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Traditional retail businesses in SA could stand to lose out on the value of e-commerce due to their reluctance to embrace online business.
Traditional retail businesses in SA could stand to lose out on the value of e-commerce due to their reluctance to embrace online business.

SA retailers likely to lose out if they avoid e-commerce

RETAILER NEWS

By Phumi Ramalepe - Oct 21st, 08:14

Traditional retail businesses in SA could stand to lose out on the value of e-commerce due to their reluctance to embrace online business, according to a report by global management consultancy Accenture. 

Accenture says local retailers exhaust a lot of their efforts on their brick-and-mortar stores at the expense of the online side of the business. This means that they stand to lose out on potential profit that the online business can generate in the $3.5-trillion retail industry.

The study reveals that SA retailers particularly find online operations unprofitable, too costly to maintain and also find “it difficult to measure the return on investment of their online offerings”.

Local retailers still find physical stores to be less risky compared to their online counterparts. In addition, one Visa survey found that 63% of South Africans prefer to go to physical stores, while Urban Studies found that 76% of consumers visit a mall once a week. This makes it challenging for both retailers and consumers to fully embrace the benefits of e-commerce.

Trend translator and future finance specialist for Flux Trends Bronwyn Williams suggests that local retailers have more than enough reason to be wary of fully embracing e-commerce.

“The e-commerce game globally has really evolved into quite a homogenous sector whereby your biggest e-commerce retailers are eating up all the smaller ones. We’ve seen it in the SA market how Takealot has really absorbed most of that online commerce space”, she said.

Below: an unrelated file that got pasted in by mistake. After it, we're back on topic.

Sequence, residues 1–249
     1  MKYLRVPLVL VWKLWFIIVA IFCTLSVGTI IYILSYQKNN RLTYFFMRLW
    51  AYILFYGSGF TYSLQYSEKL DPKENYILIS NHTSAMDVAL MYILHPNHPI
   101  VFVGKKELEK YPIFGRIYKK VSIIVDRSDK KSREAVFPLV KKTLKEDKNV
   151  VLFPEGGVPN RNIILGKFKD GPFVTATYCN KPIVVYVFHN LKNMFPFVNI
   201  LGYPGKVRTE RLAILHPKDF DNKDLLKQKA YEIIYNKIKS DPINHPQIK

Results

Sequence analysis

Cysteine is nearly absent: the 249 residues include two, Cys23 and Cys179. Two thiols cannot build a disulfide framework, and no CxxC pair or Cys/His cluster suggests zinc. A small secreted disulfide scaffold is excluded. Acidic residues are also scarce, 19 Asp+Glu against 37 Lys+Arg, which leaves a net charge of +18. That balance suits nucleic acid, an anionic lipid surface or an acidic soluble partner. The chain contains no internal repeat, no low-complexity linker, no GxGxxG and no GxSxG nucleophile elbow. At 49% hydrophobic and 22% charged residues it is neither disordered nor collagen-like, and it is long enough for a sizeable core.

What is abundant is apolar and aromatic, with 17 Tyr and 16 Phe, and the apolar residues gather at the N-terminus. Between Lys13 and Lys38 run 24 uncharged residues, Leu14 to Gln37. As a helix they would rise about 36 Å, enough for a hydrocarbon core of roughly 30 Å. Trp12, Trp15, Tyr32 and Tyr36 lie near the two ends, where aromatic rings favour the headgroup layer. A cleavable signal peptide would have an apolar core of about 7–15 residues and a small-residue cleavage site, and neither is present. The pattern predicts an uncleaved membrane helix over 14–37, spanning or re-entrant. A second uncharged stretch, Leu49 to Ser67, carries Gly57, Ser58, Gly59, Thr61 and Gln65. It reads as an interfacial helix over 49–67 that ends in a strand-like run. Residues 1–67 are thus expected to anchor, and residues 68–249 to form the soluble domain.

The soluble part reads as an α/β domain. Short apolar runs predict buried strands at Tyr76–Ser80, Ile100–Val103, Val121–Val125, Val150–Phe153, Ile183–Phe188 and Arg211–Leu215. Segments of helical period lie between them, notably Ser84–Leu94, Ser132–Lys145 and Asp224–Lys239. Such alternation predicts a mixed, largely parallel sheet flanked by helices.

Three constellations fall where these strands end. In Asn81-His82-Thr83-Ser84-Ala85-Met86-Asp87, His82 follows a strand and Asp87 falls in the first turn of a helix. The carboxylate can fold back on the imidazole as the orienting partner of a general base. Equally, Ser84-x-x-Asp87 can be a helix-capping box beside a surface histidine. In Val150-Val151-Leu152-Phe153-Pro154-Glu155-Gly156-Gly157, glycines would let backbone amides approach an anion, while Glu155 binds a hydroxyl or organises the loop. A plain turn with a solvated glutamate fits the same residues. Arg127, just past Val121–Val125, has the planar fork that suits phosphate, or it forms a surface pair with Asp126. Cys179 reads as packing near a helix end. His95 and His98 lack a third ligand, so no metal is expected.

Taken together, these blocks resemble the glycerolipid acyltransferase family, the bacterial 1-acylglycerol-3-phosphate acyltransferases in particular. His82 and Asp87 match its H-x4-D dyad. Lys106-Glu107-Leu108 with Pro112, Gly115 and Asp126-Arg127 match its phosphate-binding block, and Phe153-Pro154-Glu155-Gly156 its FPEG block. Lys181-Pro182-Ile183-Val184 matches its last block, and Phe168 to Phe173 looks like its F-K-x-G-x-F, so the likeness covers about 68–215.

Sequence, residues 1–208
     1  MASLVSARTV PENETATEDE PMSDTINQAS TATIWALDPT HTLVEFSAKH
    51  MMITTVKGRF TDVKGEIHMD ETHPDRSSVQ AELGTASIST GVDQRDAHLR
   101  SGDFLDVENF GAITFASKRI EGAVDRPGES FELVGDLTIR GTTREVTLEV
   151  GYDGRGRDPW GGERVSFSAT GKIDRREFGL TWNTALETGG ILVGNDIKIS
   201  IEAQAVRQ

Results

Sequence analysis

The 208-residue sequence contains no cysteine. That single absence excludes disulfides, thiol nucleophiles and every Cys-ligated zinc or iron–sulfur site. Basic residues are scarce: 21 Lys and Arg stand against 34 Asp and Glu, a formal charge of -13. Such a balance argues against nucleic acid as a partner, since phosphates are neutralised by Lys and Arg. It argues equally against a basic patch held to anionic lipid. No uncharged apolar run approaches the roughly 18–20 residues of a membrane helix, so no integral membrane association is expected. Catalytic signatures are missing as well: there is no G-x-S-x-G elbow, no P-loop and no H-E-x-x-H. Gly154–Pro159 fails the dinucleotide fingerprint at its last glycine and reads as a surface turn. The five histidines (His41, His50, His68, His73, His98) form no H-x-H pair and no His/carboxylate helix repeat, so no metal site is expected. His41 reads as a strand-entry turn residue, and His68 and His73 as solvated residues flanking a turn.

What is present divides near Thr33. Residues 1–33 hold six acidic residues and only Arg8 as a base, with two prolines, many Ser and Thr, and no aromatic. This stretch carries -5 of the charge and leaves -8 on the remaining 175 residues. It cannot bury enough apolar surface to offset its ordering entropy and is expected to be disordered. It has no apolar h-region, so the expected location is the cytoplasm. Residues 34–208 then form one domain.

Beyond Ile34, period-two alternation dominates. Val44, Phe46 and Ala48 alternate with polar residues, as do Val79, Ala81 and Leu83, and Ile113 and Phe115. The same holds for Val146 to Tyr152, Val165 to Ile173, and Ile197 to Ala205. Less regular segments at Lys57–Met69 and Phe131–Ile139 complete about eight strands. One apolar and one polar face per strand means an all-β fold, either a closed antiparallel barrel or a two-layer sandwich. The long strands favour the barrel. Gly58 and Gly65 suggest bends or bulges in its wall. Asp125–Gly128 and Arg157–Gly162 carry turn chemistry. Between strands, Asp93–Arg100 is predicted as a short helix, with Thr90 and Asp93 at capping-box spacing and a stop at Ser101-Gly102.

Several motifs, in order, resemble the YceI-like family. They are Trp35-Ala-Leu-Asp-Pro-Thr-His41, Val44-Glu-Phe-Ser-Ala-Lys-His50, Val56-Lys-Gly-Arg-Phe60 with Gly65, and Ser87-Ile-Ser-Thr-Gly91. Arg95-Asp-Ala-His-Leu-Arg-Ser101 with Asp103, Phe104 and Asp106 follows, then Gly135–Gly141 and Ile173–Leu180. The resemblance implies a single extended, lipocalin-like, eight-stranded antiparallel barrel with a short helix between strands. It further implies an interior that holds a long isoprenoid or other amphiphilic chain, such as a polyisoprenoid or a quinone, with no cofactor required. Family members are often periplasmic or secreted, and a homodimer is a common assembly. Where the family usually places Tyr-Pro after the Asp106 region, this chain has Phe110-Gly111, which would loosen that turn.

Williams says chain stores such as Mr Price and Truworths stand a higher chance of succeeding in e-commerce because they have their own brands and products, which play a role in allowing them to manage their own online presence.

Small stores, on the other hand, stand a smaller chance of making it.

“The other reality is that smaller retail stores will have higher delivery costs and those costs will be higher to purchase from a small e-commerce store [compared to] an aggregator such as Takealot … and that means even if you do list the stuff online, the risk is that some other bigger store can cannibalise your sales.”

Given the shift towards the fourth industrial revolution (4IR), retailers find themselves under increasing pressure to keep up with the times for the survival of their businesses. With the 4IR disruptive technologies and trends, such as robotics, virtual reality (VR) and artificial intelligence (AI), are changing the way people live and work.

Some international online retail giants, such as Amazon, Walmart and eBay have had a lot of success in the online market and are indicative of the benefits of e-commerce.

Since 2010, Amazon quintupled its sales, while in 2019 “half of all US households were subscribed to Amazon Prime”, according to Accenture.

MD for Accenture Retail in Africa John Watling believes that there is potential for local retailers to “unlock value trapped in their core business”. “If local retailers can follow suit by offering experiences such as those of Amazon, eBay, Zappos, and others, customers will be more trusting of online shopping and less reluctant to use it.”

According to Accenture, the opportunity “is there for the taking” if they embrace e-commerce in the near future.
Business Live 

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